If creation means dependence of being, then special creation is nothing other than special dependence of being. The statement that man is created in a more specific, more direct way by God than other things in nature, when expressed somewhat less metaphorical, means simply this: that man is willed by God in a specific way, not merely as a being that “is there,” but as a being that knows him; not only as a construct that he thought up, but as an existence that can think about him in return [. . . man] is the being who is supposed to Thou to God in eternity.[3]

After all, this is why there are two accounts of creation in Genesis. Quite simply, with the advent of Homo sapiens, the Rubicon of anthropogenesis has been crossed, whether we like it or not.[4]

TOJ: Let’s talk about memes. In your BBC documentary Did Darwin Kill God? and in your book, you argue that as memes are defined by Daniel Dennett, Richard Dawkins, and Susan Blackmore, they are completely nonsensical. These writers seem to understand memes as an extension of our genes, as if these memes make us who we are, yet they never really seem to say where these memes come from or how they work. Do they exist at all, and if so, what are they?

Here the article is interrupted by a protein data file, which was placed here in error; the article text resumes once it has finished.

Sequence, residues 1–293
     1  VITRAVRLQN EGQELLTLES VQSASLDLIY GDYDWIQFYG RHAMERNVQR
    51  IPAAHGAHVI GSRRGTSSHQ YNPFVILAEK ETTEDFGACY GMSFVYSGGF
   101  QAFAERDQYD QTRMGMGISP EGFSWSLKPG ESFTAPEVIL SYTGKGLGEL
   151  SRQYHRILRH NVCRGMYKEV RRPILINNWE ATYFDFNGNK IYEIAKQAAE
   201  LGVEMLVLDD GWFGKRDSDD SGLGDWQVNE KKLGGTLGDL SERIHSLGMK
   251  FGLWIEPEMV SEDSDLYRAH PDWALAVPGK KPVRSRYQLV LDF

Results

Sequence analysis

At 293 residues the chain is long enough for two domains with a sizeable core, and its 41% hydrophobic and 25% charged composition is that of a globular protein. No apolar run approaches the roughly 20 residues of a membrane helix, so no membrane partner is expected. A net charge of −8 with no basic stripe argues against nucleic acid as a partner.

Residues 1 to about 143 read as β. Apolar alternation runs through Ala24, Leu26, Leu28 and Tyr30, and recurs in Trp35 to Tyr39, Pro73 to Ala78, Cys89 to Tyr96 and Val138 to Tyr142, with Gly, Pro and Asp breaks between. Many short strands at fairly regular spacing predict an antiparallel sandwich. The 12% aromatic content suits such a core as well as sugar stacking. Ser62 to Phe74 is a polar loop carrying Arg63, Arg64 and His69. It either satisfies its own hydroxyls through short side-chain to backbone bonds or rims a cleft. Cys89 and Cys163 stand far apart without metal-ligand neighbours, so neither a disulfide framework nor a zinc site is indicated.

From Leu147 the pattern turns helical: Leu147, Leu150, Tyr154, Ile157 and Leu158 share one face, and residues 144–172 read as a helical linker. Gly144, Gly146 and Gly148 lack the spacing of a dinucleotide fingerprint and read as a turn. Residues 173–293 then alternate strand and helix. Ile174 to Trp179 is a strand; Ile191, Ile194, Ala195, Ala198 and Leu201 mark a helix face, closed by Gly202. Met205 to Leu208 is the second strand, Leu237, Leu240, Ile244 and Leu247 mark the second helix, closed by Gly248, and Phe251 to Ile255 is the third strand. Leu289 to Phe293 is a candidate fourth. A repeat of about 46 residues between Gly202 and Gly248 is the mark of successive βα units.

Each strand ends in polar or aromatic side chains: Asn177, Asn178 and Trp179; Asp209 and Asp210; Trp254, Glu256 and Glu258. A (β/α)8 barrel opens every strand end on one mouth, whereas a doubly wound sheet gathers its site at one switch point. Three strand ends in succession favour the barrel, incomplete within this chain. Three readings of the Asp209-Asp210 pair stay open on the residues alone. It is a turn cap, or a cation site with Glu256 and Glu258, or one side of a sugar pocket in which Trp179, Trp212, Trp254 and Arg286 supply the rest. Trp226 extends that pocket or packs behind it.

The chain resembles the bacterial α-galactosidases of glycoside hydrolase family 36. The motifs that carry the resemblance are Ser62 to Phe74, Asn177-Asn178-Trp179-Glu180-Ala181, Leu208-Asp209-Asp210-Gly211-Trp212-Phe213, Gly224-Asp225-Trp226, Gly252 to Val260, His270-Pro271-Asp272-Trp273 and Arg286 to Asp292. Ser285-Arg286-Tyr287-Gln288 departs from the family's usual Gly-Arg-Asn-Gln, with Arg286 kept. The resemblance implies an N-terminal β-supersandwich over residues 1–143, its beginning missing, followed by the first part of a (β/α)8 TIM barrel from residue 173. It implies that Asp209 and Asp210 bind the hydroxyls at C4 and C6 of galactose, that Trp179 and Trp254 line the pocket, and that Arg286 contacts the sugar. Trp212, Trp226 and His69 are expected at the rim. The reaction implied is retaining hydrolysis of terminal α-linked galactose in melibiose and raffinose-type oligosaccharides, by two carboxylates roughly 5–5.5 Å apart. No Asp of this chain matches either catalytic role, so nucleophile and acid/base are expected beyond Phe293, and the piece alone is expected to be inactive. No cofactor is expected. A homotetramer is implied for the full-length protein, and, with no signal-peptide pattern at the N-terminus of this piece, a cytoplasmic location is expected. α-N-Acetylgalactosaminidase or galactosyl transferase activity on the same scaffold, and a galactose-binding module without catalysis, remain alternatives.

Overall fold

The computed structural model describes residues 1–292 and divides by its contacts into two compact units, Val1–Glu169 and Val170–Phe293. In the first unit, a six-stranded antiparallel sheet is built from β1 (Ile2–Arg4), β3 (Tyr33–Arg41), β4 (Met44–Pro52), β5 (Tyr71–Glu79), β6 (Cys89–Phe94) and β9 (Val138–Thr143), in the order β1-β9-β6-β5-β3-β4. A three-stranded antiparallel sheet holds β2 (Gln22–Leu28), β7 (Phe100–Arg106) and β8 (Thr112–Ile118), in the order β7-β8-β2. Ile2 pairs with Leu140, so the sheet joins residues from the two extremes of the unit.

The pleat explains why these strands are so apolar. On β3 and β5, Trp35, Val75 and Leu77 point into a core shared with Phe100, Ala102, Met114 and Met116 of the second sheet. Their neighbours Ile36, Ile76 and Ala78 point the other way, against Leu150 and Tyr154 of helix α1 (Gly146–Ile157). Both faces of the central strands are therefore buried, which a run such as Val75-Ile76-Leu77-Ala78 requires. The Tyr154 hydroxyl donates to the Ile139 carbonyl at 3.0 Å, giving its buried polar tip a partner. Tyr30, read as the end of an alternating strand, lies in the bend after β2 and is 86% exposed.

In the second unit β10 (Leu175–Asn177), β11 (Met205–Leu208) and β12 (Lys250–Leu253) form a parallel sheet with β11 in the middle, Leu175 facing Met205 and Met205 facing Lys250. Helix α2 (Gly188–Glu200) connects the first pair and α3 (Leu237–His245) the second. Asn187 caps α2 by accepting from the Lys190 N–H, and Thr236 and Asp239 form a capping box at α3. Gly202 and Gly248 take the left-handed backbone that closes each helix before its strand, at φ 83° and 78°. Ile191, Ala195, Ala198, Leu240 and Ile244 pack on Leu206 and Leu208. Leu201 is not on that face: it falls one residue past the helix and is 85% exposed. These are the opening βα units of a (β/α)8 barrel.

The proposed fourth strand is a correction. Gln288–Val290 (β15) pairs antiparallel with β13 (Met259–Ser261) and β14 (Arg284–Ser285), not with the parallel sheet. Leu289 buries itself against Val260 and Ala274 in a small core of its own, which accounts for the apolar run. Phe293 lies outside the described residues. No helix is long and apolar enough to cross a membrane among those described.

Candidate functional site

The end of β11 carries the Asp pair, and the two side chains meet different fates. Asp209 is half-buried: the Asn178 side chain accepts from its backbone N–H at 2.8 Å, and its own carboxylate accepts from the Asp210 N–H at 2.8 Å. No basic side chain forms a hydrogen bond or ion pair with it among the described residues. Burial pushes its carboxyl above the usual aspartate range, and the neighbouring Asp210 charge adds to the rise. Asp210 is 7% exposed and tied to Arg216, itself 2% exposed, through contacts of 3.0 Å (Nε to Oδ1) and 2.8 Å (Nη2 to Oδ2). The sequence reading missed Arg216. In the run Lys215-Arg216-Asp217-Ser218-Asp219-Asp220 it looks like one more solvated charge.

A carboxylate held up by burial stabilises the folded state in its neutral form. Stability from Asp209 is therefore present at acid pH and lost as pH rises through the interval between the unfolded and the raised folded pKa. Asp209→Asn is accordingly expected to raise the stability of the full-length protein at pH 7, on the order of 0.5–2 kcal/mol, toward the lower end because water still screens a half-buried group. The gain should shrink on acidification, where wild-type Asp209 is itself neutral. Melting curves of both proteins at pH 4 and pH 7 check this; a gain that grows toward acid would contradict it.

CC: With regard to mammals, and especially Homo sapiens, the idea of mimesis (biological imitation) is crucial here (one could here think of the work done by René Girard). Take fashion as an example. Oscar Wilde captured the absurdity of fashion in his own inimitable way, saying that “Fashion is a form of ugliness so intolerable that we have to alter it every six months.”[5] For, of course, if fashion were ever actually “fashionable,” it would be the end of fashion itself. Instead, this industry is an eminent example of mimetic desire.

But as for memes, they are pure nonsense; you may as well speak of astrology or the X-Files. Not to sound too paradoxical, but if memes existed, first, we would never know, how could we? Second, how could there be more than one? Sure, we have things like fashion that some of us follow, but if, as Dawkins, Blackmore, Dennett, and company insist, we are created by memes rather than the other way around, then in a sense, there could only ever be one metameme. There could only be the selfish meme, because all thoughts, being illusory products of mimetics, would be evacuated of all content, and therefore, all thoughts would be instances of one type: small memes of the one great big meme. All thoughts would just be examples of the one “truth,” the metameme. This would have catastrophic consequences for science, because all scientific theories would be products of the selfish meme, like some great matrix; radical epistemological and ontological scepticism would surely follow.